>>PRESIDENT KINGTON: Good Afternoon. Welcome. Hello everyone. For those of you are returning to campus, welcome back, great to see you. Those of you who are new: welcome! Welcome to our community. As you may know, the opening convocation of the year is a tradition at Grinnell. And starting last year, it took on added significance as the moment when we announce the recipients of the Grinnell Prize, also known by the lengthy title of "The Grinnell College Young Innovator for Social Justice Prize." (It just rolls off the tongue). Either way, the Prize honors individuals under the age of 40 who demonstrate leadership, creativity, commitment, and extraordinary accomplishment in effecting positive social change.
What do we mean by social change? For my generation, "social justice" summons visions of Civil Rights marches, antiwar protests and the War on Poverty. Here at Grinnell, the phrase "social justice" has a particular resonance.
Dr. Martin Luther King, Jr., spoke here in the fall of 1967, the night before he headed to Birmingham to serve his 19th jail sentence for his role in the civil disobedience campaign for Civil Rights. The speech he gave in Darby Gym entitled, "Remaining Awake through Revolution," echoed ideas he had put forth earlier during an imprisonment in Birmingham, in 1963, where he wrote his famous Letter from a Birmingham Jail.
Here are a pair of quotes in which you can hear the common note: In the Letter he wrote: "Injustice anywhere is a threat to justice everywhere. We are caught in an inescapable network of mutuality, tied to a single garment of destiny. Whatever affects one directly, affects all indirectly." And then, four years later in Grinnell, he reiterated, "No individual can live alone. No nation can live alone. We are interdependent."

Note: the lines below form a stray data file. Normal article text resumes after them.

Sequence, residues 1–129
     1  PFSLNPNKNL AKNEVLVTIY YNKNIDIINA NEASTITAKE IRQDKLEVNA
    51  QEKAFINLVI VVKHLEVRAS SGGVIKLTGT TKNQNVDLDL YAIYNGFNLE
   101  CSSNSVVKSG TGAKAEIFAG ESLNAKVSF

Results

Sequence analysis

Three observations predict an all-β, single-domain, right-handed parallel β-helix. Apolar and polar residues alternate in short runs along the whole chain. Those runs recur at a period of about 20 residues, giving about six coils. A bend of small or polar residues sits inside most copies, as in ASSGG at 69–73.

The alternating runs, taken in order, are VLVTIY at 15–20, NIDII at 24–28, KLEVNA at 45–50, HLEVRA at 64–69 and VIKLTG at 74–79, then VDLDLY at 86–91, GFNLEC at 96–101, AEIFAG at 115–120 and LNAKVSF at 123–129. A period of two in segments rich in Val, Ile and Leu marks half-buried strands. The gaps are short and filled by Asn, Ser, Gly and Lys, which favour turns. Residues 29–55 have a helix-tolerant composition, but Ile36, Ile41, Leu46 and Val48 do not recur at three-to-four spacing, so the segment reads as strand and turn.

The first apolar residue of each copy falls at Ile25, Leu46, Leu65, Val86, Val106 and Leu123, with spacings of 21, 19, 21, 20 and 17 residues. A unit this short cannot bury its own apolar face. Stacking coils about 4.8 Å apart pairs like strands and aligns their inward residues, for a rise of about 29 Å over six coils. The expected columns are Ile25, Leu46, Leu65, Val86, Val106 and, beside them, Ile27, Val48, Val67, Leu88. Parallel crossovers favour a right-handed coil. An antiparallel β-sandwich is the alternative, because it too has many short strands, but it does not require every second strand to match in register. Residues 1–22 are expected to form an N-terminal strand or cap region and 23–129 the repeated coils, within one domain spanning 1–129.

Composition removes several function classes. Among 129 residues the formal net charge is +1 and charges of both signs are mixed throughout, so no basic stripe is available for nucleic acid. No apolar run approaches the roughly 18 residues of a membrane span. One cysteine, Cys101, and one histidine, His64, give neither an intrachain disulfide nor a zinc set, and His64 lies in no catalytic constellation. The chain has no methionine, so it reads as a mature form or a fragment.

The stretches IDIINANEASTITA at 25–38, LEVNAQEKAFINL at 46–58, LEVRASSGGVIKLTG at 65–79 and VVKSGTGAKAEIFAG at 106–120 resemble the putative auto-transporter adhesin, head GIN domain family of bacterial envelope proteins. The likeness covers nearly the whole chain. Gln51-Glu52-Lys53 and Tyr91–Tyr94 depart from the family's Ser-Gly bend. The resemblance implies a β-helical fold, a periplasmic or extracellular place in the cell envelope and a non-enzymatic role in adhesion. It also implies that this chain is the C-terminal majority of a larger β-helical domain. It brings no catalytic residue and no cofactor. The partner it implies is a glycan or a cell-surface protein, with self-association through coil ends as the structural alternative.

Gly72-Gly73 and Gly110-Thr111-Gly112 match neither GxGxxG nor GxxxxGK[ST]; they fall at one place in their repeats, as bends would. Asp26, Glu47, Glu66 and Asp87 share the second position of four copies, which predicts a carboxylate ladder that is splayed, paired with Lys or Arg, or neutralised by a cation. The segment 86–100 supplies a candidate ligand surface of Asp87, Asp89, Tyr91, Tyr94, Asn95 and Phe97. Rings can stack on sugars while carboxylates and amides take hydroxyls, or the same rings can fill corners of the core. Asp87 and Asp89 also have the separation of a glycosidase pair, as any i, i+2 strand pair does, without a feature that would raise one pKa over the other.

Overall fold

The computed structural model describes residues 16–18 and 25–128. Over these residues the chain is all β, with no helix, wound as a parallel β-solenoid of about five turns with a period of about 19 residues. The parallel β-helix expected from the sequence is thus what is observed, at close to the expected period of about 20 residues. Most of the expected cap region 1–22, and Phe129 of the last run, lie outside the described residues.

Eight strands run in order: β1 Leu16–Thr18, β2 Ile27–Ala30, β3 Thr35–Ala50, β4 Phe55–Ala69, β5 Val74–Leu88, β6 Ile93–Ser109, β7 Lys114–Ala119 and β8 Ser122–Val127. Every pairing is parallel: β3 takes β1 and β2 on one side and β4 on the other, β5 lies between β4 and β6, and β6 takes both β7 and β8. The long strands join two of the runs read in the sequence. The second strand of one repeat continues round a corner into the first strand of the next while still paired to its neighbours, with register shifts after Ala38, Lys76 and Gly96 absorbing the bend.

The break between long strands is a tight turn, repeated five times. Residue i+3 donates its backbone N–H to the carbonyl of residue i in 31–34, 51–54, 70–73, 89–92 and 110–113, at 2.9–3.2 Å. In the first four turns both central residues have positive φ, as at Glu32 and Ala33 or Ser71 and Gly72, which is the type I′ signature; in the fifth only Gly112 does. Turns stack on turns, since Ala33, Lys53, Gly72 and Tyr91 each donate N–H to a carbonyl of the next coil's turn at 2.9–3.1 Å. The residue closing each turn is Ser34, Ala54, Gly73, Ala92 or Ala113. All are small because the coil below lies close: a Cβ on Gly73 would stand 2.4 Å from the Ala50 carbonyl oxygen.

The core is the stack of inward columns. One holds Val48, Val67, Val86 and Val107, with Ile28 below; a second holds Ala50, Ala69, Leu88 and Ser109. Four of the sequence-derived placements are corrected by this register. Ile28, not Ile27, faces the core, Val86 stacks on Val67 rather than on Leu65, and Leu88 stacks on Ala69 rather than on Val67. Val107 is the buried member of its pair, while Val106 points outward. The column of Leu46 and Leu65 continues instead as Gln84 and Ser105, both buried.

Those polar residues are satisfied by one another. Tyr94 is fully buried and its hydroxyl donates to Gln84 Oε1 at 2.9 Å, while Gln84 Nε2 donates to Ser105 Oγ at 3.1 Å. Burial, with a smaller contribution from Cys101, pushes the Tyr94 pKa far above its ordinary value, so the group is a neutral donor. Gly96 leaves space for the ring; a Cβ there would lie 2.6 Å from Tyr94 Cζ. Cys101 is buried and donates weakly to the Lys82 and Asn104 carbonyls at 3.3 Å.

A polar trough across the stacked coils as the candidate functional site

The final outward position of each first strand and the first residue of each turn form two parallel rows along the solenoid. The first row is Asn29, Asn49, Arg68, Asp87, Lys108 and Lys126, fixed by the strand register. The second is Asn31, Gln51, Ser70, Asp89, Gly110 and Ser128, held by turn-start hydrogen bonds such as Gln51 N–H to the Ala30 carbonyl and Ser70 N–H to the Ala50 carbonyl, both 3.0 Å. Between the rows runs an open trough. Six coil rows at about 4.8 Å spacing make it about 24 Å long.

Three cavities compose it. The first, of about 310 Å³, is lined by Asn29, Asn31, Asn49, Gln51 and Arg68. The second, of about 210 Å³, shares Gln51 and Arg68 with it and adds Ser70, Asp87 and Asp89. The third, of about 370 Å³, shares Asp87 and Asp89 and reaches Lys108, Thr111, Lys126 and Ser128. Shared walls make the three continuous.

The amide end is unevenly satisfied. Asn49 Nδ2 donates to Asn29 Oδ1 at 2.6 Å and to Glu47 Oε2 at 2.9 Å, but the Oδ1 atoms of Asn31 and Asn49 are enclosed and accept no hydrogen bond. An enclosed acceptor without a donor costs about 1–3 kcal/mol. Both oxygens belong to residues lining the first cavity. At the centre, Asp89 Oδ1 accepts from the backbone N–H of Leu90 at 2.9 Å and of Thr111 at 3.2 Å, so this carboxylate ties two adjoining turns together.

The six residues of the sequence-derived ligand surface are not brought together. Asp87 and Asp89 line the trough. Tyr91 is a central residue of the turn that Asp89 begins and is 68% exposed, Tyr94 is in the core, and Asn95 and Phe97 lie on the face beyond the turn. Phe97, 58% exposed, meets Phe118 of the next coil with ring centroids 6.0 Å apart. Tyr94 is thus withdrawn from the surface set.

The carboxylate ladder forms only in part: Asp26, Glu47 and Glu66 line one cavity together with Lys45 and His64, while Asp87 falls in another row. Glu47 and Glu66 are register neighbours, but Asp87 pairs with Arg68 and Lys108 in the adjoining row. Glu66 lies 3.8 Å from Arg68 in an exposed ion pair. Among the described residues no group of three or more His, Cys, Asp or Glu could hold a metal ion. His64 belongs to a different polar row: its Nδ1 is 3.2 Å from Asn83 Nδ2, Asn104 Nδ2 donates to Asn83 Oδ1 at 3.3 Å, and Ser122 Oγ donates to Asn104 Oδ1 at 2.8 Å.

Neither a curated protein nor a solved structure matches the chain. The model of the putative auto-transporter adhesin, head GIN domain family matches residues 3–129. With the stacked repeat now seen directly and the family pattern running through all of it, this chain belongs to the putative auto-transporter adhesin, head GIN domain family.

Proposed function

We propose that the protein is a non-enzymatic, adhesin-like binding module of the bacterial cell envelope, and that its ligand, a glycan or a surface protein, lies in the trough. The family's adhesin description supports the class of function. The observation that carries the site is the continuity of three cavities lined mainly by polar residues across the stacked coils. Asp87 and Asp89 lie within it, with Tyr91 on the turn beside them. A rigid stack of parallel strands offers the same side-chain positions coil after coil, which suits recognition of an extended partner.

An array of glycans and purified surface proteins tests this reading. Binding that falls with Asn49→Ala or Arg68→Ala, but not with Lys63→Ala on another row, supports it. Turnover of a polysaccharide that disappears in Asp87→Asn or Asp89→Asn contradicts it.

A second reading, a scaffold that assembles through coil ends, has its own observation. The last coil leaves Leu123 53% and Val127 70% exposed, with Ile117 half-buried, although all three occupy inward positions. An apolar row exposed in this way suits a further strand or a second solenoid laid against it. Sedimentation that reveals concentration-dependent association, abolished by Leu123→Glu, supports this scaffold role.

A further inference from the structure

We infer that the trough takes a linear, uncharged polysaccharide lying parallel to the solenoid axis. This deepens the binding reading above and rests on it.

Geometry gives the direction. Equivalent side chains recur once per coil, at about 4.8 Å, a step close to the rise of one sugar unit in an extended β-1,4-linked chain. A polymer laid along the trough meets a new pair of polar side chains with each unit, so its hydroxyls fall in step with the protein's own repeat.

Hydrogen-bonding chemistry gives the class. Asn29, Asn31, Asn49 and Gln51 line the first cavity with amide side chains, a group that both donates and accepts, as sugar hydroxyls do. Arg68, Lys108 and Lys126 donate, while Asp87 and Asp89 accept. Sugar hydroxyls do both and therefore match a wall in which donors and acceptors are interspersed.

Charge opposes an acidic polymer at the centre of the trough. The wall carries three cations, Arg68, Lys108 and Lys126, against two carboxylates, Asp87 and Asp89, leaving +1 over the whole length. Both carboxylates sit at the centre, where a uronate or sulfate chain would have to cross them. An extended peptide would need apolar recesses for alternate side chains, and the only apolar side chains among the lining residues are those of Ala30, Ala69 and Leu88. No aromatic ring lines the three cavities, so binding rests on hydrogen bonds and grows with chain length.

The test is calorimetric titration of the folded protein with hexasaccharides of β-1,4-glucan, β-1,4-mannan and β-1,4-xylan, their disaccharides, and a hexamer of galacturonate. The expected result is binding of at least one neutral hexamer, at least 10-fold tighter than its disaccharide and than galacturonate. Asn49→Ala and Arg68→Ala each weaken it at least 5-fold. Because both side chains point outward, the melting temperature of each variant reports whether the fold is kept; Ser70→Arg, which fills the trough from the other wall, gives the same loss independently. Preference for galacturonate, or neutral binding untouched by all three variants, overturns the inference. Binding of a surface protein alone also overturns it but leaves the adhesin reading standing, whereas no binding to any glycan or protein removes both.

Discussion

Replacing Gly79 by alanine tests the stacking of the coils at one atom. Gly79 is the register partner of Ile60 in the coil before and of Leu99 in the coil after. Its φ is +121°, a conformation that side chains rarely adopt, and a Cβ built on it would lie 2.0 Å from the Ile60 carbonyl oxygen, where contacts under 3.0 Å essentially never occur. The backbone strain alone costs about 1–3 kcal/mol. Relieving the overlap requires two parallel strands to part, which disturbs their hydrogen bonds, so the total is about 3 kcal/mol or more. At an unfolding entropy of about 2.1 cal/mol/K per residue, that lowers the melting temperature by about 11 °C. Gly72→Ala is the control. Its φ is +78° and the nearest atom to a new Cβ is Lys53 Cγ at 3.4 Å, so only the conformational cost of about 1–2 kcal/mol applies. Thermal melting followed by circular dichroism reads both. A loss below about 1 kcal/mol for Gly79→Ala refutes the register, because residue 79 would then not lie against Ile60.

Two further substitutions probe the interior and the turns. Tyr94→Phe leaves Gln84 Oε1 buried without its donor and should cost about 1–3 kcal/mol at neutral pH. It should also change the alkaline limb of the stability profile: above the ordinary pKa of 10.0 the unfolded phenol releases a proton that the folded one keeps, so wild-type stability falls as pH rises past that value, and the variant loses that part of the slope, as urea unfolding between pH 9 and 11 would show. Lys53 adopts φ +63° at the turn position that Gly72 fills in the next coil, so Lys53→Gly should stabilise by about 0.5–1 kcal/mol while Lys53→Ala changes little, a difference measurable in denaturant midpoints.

I do not think it was a coincidence that his Grinnell speech was chosen to revisit the connections he saw between a just society and an interdependent one. One message was clear; we have an obligation to our neighbors. Dr. King would remind us that we also have an obligation to expand the boundaries of our neighborhood. That is why he said to the Grinnell audience that they must not only be just but no individual can live alone, and no nation can live alone.
For the students of today and your successors, the world is your neighborhood. Community service is a global service, service to a cause - the cause of justice for all. The principle is deeply embedded in our history. Most of you know that Grinnell was founded by abolitionists. We are also one of the first colleges in the country to admit women students. As the Civil War drew male students off to war, in 1862, women actually outnumbered men on the college's campus, 21 to 7. The good ol'days of a truly small residential liberal arts college.